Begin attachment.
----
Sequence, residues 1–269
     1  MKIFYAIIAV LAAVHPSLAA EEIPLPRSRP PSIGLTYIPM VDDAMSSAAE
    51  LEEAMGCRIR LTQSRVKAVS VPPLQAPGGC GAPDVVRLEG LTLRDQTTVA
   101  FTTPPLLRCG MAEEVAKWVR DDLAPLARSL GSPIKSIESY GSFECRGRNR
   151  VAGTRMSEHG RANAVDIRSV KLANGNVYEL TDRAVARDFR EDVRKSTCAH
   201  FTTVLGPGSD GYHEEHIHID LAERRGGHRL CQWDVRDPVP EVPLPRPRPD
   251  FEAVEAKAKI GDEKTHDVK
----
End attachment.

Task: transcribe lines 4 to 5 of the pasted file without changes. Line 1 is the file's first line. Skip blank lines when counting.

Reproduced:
   101  FTTPPLLRCG MAEEVAKWVR DDLAPLARSL GSPIKSIESY GSFECRGRNR
   151  VAGTRMSEHG RANAVDIRSV KLANGNVYEL TDRAVARDFR EDVRKSTCAH